Intensive insulin treatment after acute myocardial infarction in diabetes mellitusBMJ 1997; 315 doi: https://doi.org/10.1136/bmj.315.7107.544 (Published 30 August 1997) Cite this as: BMJ 1997;315:544
Evidence exists from study of non-insulin dependent diabetes in Japan
- Rhys Williams, Professor of epidemiology and public healtha
- a Nuffield Institute for Health, Leeds LS2 9PL
- b Royal Alexander Hospital, Paisley, Renfrewshire PA2 9PN
- c Glasgow Royal Infirmary, Glasgow G4 0SF
Editor—In his editorial prompted by the publication of the DIGAMI (diabetes mellitus, insulin glucose infusion in acute myocardial infarction) trial,1 Malcolm Nattrass states that (in non-insulin dependent diabetes) “evidence [is] still awaited for a relation between diabetic control and microvascular complications.”2 It is true that we all await with interest the results of the United Kingdom prospective diabetes study, but some evidence does already exist. Although it is not directly relevant to Nattrass's editorial, in other contexts I have been surprised that it is rarely discussed and is almost never referenced in publications written by authors working on diabetes outside Asia and Australasia.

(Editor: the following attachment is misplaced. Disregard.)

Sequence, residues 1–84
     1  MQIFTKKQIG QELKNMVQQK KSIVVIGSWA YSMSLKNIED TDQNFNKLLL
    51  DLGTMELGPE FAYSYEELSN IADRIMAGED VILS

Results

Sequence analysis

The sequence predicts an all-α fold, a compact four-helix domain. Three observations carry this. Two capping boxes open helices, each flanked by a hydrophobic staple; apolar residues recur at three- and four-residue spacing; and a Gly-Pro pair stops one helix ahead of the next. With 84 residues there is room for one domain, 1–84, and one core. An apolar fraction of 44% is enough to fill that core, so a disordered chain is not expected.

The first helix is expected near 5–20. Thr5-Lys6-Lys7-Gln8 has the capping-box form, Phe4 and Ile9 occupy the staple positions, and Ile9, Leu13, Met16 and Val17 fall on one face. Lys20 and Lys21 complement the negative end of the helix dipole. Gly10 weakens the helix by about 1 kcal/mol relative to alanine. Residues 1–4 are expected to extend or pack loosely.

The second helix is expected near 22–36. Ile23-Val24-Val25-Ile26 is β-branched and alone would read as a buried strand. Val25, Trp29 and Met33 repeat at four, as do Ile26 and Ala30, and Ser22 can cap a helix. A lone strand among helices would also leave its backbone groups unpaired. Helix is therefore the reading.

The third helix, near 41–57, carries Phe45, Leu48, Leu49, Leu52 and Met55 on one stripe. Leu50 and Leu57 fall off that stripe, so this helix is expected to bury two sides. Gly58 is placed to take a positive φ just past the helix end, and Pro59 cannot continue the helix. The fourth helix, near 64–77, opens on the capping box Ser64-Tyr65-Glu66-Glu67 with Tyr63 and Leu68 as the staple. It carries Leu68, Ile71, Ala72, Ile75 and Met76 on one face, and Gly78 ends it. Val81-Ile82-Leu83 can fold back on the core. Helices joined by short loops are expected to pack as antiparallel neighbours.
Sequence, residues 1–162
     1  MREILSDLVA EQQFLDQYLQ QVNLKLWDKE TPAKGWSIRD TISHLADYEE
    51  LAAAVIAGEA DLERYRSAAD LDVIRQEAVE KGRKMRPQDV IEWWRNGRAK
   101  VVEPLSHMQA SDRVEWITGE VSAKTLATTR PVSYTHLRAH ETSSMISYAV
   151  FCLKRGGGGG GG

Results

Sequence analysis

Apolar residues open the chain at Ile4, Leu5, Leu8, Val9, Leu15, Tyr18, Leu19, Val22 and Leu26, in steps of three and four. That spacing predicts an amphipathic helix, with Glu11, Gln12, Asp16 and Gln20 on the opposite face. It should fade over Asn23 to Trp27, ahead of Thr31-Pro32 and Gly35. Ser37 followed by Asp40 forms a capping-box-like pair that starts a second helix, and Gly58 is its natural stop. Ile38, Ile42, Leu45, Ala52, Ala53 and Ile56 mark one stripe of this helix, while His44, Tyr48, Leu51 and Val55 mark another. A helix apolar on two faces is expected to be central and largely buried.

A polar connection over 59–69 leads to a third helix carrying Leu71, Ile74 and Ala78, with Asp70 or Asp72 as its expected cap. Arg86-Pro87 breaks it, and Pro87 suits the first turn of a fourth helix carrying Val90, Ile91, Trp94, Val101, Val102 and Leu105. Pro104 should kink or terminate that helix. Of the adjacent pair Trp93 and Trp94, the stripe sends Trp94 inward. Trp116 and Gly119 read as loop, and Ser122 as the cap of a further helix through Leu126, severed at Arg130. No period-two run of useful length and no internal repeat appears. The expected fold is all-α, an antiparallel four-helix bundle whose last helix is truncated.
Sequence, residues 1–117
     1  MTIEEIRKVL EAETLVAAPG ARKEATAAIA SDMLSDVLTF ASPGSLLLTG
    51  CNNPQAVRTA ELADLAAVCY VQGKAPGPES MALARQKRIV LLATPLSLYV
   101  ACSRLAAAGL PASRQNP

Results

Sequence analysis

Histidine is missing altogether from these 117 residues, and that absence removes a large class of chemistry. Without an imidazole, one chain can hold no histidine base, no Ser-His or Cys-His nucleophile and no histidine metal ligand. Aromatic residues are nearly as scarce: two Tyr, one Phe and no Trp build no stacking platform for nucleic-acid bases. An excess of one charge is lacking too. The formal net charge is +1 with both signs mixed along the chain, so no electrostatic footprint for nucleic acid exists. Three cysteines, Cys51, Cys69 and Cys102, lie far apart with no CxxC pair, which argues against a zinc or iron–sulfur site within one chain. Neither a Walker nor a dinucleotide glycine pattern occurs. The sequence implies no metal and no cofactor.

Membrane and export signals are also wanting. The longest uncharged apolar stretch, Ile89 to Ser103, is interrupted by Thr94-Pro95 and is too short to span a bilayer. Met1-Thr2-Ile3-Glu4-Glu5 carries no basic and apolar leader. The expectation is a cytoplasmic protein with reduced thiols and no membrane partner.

The study to which I refer is the Kumamoto study.3 This randomised 110 patients with non-insulin dependent diabetes (half with existing microvascular complications and half without) into a group treated with multiple injections and a group given normal care. After six years of follow up, both retinopathy and nephropathy were convincingly less common in the group treated with multiple injections—both the primary prevention cohort and the secondary prevention cohort.
While I do not necessarily advocate this trial as definitive evidence of the same effect as that in the diabetes control and complications trial in non-insulin dependent diabetes, it …